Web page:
The nation’s love-hate relationship with social media and the internet has taken many turns over the past 15 years or so.
We love various apps and sites when we build relationships with friends and family or find vital medical information. We hate them when they seem overwhelmed by wacky bullies and conspiracy theorists.
Instagram, for example, can take a toll on teen mental health, according to a former Facebook executive turned whistleblower who cited Facebook’s own research. Schools are now on high alert due to “challenges” on the TikTok video sharing app that lead students to vandalize restrooms and more.
In Summit County, authorities are being forced to remind children that stealing or destroying school property as part of the “sneaky lick” challenge is a crime. Copley High School officials told parents they may close some restrooms to make it easier to watch out for any trend-inspired vandalism.
Following:Top Schools Respond to ‘Sneaky Licking’ Challenges on TikTok: What Parents Need to Know
And then there’s cyberbullying – a 2019 federal study found that nearly 16% of high school students were bullied electronically in the 12 months leading up to the survey.
Following:Mother of cyberbullyed teenager sues Snap, other apps after son kills suicide
Finally, let’s not forget the misinformation. Lies online about the 2020 election and COVID-19 killed – note the loss of life on the United States Capitol on January 6 and the continued spread of the deadly virus.
Social media sites are sometimes like the Old West, a dangerous place.
So it’s a good thing that local students can relax with a good book in the school library.
Oh wait, that’s not sure either. At least not according to some parents and “concerned citizens”.
Having no way to tackle the real monster in children’s lives – social media – they bark at school boards about books.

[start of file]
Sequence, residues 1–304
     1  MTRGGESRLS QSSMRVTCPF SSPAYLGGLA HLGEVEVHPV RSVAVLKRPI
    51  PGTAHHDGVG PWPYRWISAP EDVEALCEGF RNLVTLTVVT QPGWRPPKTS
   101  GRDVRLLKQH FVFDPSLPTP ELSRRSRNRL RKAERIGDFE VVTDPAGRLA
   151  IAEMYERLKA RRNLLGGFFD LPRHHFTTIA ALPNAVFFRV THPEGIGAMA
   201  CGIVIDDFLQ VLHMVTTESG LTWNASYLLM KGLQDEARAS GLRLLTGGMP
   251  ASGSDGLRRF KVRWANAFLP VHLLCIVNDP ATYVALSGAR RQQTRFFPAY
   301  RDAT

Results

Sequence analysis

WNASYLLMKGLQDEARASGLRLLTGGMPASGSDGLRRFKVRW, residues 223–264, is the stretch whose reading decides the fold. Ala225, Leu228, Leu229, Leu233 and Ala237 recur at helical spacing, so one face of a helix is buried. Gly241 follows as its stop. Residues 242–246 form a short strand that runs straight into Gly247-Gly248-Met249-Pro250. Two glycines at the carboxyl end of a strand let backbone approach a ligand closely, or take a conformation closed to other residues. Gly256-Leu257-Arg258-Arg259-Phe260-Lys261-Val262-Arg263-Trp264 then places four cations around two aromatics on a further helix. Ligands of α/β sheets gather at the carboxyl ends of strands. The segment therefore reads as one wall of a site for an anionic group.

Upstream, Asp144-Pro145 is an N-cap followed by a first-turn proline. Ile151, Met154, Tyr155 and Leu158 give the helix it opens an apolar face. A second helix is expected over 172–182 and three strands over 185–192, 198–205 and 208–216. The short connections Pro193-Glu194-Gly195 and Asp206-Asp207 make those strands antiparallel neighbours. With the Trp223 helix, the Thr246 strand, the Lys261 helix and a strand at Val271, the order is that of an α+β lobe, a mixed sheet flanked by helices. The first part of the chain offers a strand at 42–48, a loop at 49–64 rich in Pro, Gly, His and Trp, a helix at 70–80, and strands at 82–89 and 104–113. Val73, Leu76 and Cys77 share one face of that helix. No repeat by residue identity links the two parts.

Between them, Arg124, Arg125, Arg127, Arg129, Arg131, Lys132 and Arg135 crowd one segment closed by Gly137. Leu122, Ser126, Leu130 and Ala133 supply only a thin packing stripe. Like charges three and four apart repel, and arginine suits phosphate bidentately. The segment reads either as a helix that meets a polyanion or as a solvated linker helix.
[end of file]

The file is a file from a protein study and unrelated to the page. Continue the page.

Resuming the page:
It doesn’t matter that “sneaky lick” videos get hundreds of millions of views. Spirits are rising about the printed word, something people tell us all the time is a dying form.
In Hudson, three books were criticized and, in response, they were taken from high school library shelves.
While we would normally oppose the removal of books, the action taken at Hudson seems reasonable at this time. The district examines how books are added to the library collection.
Librarians congratulate “Lawn Boy”
The award-winning “Lawn Boy” was among the books criticized at the Hudson School Board meeting on September 27.
The Young Adult Library Services Association, in awarding “Lawn Boy” an Alex Award, said the main character’s struggle “is familiar and heartbreaking, and it is impossible not to cheer him on as he pursues the elusive American dream”.
We’re not sure the average teenager has heard of Jonathan Evison’s acclaimed book.
Hudson’s wife complaining about “Lawn Boy” said she was moved to ask her son to look for him in the school library after hearing reports of parents elsewhere objecting to it. At the school board meeting, she read aloud passages about sexual touching between two men and a crude joke about gay men.
We wonder about the context of the 320-page book, and we also wonder if many young students will be rummaging through the book in the hopes of finding obscene content.
Maia Kobabe’s “Gender Queer: A Memoir” and Inio Asano’s “A Girl on the Shore” graphic novels are more clearly out of step with old-fashioned community values. They were also removed from the shelves of Hudson’s schools. .
Following:10 new LGBTQ books to celebrate Pride month: Tan France, ‘Gentleman Jack’, ‘Gender Queer’
Anyone interested in pornography can easily find it on the Internet, not one or two drawings or a few paragraphs, but billions of images.
We agree with the idea that libraries should take risks and introduce new books to help children become permanent readers.
The presence of these three books does not mean that Hudson is giving up on his children. Everyone, we’re sure, survived walking past the shelves that held these books.
The bigger problem that many kids will face is social media – and here there are no easy fixes.
Even parents who are trying to limit their children’s time on electronic devices or monitor what they see cannot be 100% effective. Other students can still pass their phones around to share shady music videos.
The usual advice is to urge Congress and federal regulators to put pressure on giant tech companies. With the testimony of Frances Haugen, the Facebook whistleblower, the urgency is renewed.
Will our local lawmakers declare their support for meaningful change and engage the community to support them? We need more debate on the real issues, rather than more outrage over masks, vaccines and books.
Now here is a challenge worth taking on.